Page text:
Why Are You Buying Fans, Friends and Followers?
I came across this article on PCMag.com a few weeks ago. The story focused on an SEO firm that has started selling Google +1s. “Plussems, which is owned by SEOShop.biz, is selling 50 clicks for $9.99, 250 clicks for $69.99, and was selling a bundle of 2,000 clicks.” This isn’t the first time I’ve come across an SEO or social media marketing company that was selling bundles like this. I’ve seen companies promise to get you 1,000 Twitter followers in a month and 500 Facebook Likes in two weeks, all for the low, low, price of $59.99!
Are you kidding me?
As a strictly white hat SEO consultant, I would never recommend to my clients that they buy fans/friends/followers/Likes and so forth. Here’s why:
1. They aren’t real people
Even if a human did create and verify the account, that doesn’t mean they are still using it. I’d bet that the majority of spam Twitter accounts are run by bots, designed to reTweet another account’s Tweets. There is no person at the other end of that social connection, so what good does it do you? Social media is about having a conversation with your real customers, not with automated responses.
2. It’s black hat and spammy
SEO companies like Plussems give the rest of the industry a bad reputation. When most people think of SEO, they think of pop up ads and spam blogs and useless content—all the stuff black hat SEO companies employ to trick the search engines and the user. Buying social signals like Facebook Likes or +1s is just another way to try and “game” the system. The search engines don’t take kindly to those sites they find on the wrong side of the SEO guidelines. I’ve seen more than a few sites that were employing black hat tactics get completely removed from the SERP because of it!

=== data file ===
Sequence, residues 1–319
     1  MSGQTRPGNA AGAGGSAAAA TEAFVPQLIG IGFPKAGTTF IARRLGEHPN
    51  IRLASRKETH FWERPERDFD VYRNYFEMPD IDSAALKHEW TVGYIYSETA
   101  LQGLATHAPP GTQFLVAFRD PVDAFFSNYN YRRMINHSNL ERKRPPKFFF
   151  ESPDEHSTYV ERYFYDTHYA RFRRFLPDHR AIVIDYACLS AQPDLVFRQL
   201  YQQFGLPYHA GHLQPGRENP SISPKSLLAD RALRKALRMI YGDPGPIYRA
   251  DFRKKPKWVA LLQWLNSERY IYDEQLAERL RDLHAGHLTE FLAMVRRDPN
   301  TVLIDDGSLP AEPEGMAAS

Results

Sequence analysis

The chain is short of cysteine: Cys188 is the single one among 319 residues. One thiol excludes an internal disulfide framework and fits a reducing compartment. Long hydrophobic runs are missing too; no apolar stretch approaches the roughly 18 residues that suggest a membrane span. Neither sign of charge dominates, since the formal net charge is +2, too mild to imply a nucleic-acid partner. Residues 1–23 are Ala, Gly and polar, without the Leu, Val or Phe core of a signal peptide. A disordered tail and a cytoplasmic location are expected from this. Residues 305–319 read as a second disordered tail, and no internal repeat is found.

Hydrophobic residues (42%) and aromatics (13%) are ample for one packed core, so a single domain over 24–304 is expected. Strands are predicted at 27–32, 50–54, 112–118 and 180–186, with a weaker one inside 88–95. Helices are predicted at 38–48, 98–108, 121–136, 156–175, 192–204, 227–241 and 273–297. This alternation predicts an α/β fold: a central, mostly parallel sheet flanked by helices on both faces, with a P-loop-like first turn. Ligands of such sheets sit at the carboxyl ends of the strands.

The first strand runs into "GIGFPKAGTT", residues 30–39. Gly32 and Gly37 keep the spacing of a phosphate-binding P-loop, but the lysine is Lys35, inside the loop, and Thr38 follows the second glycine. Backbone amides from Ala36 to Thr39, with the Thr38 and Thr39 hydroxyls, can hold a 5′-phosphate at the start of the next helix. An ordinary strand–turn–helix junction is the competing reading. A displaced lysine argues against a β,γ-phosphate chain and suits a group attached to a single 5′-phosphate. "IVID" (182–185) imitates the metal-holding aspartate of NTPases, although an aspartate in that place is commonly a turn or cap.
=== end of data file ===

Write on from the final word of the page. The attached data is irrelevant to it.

3. It doesn’t really help
The search engines have said they look at user authority when taking social signals into account in their algorithms. What this means is that a real account, run by a real person with other real people following them, has much more value than a bot account. The people behind the search engines are smart. They know the minute they say something is a ranking factor, the spammers come out the woodwork to try and manipulate it. To counteract this, the search engines don’t just look at how many Tweets/Shares you have, but who is doing the Tweeting.
4. You get what you pay for
Are you willing to do 40 hours of hard work for $59.99? Probably not. Neither is the SEO firm promising you 300 +1 clicks. Even if that company had the best intentions at heart, this just isn’t a good or sustainable business model. More likely than not, these firms are looking to make fast and easy money. That will buy you cheap and shoddy work.
- » Wikipedia co-founder calls for social media strike to fight ‘long train’ of abuses
- » The biggest challenge facing CMOs today: Building, measuring, and maintaining brand equity
- » A pertinent question: Do we put convenience before ethics when it comes to brand loyalty?
- » How digital asset management takes immersive marketing strategies to the next level
- » LinkedIn modifies its algorithm to create a better news feed for users